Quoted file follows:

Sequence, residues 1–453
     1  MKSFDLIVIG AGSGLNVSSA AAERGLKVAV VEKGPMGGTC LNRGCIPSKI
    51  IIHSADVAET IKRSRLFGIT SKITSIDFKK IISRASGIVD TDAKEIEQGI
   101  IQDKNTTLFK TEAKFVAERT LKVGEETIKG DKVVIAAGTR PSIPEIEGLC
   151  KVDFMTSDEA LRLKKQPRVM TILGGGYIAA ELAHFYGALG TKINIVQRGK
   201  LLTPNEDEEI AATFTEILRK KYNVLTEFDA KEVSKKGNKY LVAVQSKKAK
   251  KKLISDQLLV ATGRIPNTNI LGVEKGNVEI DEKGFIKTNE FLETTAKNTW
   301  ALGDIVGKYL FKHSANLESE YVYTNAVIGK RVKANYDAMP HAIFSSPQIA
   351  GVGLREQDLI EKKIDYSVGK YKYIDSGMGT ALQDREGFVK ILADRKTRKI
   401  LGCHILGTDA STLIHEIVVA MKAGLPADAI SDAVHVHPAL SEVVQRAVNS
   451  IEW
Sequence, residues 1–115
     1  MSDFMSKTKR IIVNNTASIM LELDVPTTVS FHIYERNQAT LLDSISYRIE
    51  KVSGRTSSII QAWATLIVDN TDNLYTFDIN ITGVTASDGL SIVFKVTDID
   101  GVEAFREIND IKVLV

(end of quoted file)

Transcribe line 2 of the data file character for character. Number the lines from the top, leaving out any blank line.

     1  MKSFDLIVIG AGSGLNVSSA AAERGLKVAV VEKGPMGGTC LNRGCIPSKI